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TEM Blog

The Entrepreneurial Musician Blog by Andrew Hitz featuring articles on being an entrepreneur in the music business. Show notes for The Entrepreneurial Musician Podcast.

Who Is Your Bio Written For?

Andrew Hitz

In my work as a consultant, there is a mistake I see individuals and groups make with an astonishing frequency. To see if you are making this mistake you need to ask yourself one question:

Who specifically is your bio written for? 

If you can't answer this simple question I bet I can answer it for you. If you haven't targeted a specific group of people with your bio then chances are very good that you wrote it for someone you know quite well:


One of the most common problems I see people make is writing their bio as if they were the intended recipient.

If you are writing the bios for a chamber group (both the collective bio and that of each member) who wants to be a touring ensemble performing on different concert series around the country, who is your target audience? (Hint: Who does the hiring for those series'?)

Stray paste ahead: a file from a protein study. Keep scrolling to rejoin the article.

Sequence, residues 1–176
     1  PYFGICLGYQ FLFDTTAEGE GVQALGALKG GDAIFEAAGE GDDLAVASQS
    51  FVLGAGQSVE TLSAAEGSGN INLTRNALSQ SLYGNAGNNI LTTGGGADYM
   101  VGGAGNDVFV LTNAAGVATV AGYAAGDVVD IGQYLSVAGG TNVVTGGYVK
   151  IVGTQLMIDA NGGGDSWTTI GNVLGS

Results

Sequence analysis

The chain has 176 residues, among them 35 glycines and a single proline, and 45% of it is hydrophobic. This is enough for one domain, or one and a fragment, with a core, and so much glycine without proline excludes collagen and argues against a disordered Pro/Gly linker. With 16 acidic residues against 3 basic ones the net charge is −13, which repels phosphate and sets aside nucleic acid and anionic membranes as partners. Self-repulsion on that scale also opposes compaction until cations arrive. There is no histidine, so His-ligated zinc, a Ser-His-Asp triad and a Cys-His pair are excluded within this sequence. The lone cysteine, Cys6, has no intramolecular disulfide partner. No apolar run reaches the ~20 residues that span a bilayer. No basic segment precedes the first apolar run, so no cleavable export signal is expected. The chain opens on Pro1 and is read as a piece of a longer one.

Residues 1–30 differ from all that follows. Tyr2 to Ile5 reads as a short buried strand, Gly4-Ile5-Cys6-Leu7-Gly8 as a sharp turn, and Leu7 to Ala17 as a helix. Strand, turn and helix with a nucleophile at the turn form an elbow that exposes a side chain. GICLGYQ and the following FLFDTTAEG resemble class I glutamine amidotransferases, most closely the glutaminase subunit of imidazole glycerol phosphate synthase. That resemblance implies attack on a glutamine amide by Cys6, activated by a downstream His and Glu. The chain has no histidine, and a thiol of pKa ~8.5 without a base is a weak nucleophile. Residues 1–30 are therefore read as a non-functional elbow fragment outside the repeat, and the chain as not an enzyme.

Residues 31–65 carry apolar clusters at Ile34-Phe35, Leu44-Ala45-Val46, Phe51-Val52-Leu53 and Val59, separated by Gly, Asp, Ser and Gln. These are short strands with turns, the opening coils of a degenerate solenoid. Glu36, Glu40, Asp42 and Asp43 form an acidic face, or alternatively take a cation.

The answer is concert presenters. The answer for me would also be "not fellow tuba players."

A fellow tuba player may be impressed that I have studied with Sam Pilafian, Rex Martin and David Fedderley. 99% of concert presenters have never heard of a single one of them. They also don't care that I went to Northwestern.

None of these facts will help that presenter sell tickets or sell you to her board of directors (who she generally reports to.)

So why do the bios of so many musicians start with where we went to school and who we studied with? The answer is because we were writing the bio for ourselves and not for a targeted audience.

I frequently challenge people and groups I work with to do the following:

  1. Identify exactly who the target audience is for their bio.
  2. Put yourself in their shoes and figure out what in your bio they'll be most impressed with.
  3. Write the bio using words and terms that your target audience are already using.

If you take these three steps when writing your bio you will nail it every time.

Finally, it should be noted that each person or group should not necessarily have only one bio. If you end up targeting different audiences with your various skill sets (which almost all of us do in this age of the "portfolio musician") then you will get very different results from the above three steps depending on who you are trying to reach.